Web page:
Campisi’s Egyptian Restaurant, 5610 E. Mockingbird, makes its appearance here solely because it received umpteen enthusiastic recommendations during our pizza poll. Yes, we know, this is Dallas’ first pizza place; it’s been around for more than 30 years; people queue up night after night to get the pizzas. But journalistic integrity compels us to report, with all due respect, that the pizza has been an enormous disappointment. In the first place, the pizza never manages to look even the least bit appetizing, despite the fact that Campisi’s is dark enough to develop photographs in. Moreover, the crust is thin to the point of brittleness and frequently burned as a result, and the use of cheese is sparing at best. We find the continuing popularity of this pizza particularly mystifying in light of the fact that Campisi’s recently received a very low score for cleanliness from the Dallas Department of Health (“Dallas’ Dirtiest Diners Revisited,” D Magazine, November 1981). Perhaps Campisi’s survival is based on the merit of the other dishes on its extensive Italian menu; if not, the place must be thriving for purely sentimental reasons.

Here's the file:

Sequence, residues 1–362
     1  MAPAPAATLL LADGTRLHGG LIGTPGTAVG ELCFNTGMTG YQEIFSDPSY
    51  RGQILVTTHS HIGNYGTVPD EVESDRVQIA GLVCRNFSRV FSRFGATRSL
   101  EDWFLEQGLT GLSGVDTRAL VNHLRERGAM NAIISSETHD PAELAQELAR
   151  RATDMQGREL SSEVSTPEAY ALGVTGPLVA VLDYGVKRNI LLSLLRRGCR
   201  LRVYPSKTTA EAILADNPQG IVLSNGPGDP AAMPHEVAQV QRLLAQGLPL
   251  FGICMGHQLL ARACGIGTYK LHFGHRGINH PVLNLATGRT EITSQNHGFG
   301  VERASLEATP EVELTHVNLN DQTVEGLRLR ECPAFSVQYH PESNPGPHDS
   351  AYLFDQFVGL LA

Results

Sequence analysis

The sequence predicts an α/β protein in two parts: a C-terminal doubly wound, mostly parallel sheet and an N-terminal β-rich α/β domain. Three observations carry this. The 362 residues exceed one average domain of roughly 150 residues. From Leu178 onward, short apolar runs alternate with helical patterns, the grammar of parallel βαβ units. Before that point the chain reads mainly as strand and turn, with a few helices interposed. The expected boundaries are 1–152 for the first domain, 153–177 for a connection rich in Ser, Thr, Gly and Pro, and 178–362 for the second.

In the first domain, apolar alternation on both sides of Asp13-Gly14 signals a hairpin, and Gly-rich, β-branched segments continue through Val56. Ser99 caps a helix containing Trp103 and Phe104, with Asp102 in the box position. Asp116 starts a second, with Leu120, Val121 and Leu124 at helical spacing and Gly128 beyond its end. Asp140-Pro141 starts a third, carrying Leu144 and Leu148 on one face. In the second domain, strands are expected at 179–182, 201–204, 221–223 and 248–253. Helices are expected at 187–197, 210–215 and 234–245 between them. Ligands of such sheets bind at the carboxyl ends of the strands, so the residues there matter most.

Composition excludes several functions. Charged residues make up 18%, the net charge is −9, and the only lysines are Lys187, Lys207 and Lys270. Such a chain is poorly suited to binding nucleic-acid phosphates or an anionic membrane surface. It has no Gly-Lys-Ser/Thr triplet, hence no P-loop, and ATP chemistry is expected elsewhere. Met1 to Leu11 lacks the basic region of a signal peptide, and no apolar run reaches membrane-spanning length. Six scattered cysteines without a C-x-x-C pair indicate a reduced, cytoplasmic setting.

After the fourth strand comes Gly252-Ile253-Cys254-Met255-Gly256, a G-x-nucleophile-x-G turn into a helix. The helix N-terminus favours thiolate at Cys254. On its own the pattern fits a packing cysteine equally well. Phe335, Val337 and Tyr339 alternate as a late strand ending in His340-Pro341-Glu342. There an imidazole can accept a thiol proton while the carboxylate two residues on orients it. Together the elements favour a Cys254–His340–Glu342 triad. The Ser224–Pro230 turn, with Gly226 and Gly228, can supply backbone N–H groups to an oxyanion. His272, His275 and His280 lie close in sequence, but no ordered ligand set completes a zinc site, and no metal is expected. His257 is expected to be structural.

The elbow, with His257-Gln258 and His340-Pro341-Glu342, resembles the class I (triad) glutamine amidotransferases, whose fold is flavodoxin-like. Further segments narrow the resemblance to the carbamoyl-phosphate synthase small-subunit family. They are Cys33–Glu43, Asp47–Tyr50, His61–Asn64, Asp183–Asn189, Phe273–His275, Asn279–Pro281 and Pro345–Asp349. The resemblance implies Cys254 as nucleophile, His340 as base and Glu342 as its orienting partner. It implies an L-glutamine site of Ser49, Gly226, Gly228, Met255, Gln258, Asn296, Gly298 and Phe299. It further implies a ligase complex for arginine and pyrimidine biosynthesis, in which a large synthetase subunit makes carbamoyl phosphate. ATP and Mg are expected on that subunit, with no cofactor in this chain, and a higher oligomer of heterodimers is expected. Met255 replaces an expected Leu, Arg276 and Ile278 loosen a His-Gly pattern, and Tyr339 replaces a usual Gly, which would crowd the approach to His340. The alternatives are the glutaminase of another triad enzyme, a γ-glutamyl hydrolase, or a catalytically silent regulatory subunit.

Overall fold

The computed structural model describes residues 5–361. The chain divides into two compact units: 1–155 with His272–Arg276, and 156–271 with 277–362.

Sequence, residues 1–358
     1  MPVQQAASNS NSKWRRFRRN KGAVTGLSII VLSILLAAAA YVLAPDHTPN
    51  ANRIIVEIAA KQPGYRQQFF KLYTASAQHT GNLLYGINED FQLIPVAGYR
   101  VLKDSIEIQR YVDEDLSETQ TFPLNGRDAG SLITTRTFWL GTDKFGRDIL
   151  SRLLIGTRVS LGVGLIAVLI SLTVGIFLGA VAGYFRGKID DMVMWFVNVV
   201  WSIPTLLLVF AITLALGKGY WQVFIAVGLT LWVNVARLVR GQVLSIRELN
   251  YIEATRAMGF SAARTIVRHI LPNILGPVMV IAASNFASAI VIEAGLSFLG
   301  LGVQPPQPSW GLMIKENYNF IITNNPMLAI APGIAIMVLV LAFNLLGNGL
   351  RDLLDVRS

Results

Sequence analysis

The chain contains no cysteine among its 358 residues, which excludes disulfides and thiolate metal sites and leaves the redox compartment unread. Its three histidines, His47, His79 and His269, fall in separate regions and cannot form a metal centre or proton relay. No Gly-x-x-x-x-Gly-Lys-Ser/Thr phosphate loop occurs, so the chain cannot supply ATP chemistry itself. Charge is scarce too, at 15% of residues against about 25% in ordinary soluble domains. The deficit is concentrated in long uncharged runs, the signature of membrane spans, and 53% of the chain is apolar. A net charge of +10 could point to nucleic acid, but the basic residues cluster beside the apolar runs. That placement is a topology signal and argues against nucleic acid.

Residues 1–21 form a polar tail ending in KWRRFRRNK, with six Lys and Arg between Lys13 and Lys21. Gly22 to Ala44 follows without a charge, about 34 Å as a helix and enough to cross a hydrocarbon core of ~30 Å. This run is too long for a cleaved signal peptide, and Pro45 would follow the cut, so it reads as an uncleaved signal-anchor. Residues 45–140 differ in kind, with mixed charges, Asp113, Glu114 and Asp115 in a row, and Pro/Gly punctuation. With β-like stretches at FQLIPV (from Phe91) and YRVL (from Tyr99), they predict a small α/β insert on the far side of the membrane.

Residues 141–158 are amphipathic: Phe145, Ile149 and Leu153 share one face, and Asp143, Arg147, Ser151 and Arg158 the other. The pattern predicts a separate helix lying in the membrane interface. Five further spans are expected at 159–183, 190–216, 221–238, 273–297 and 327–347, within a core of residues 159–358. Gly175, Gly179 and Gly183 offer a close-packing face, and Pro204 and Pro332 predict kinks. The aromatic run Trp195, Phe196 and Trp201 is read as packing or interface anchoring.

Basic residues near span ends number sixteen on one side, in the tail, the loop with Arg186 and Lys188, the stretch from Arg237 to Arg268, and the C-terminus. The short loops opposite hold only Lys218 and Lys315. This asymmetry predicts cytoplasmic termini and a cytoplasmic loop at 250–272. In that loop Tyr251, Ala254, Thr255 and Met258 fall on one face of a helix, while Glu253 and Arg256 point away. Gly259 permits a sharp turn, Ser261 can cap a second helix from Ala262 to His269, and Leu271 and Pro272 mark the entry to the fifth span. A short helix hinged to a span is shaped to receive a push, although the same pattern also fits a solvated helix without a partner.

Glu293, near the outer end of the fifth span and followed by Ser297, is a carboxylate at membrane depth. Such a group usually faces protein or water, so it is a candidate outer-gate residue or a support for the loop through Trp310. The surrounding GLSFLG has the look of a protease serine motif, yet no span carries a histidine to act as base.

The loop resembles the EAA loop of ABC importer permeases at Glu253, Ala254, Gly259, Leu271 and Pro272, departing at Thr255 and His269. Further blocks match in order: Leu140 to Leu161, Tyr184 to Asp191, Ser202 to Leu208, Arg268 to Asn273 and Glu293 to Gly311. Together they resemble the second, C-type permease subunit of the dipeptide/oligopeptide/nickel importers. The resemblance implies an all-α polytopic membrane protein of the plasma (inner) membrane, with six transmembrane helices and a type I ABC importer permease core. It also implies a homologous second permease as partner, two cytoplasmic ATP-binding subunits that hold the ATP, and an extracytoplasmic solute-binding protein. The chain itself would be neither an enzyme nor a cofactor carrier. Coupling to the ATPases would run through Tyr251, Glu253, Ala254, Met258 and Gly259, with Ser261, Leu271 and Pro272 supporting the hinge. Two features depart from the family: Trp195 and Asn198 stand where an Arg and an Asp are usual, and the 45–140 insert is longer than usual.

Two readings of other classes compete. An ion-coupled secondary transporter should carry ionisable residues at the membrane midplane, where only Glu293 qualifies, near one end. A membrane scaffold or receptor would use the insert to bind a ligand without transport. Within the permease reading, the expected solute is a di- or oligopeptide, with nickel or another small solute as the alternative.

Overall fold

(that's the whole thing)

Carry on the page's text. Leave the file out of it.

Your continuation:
New York Experience (formerly New York Pizza Experience), 3911 Lemmon, has recently expanded its menu to include a wide variety of Italian foods, but pizza is still the featured item. The waiters and the menus (with gushing testimonials) both unabashedly proclaim that this is the best, most authentic East Coast-style pizza in Dallas. The decor can only be described as what ex-New Yorkers think Texans perceive to be New York chic: New York license plates, photographs and subway maps. Only the ceiling fans are a nod to Texas trendiness. With our hopes so built up, we expected this pizza to outdo all the others. We found it to be very good, but not quite a New York experience. The crust, though light and crisp, was more airy than chewy, and the cheese was not overly abundant (although the waiter had tipped us off about this by confiding that he thought it advisable to order extra cheese). The sauce and extra ingredients are laid on with a heavier hand, however, so the pizza is filling on the whole. New York Experience is also noteworthy for the creative approach it takes to pizza. When the waiter suggested a special topping of fresh clams and garlic, we couldn’t resist and were glad we didn’t -it was a delicious change of pace. On the down side, the tab at New York Experience was significantly heftier than most. We ordered a large pie, one half with the clam-and-garlic topping, the other half with our usual sausage and pepperoni, and this one pie set us back $13.95. Maybe excessive prices are just another way of creating a genuine New York experience.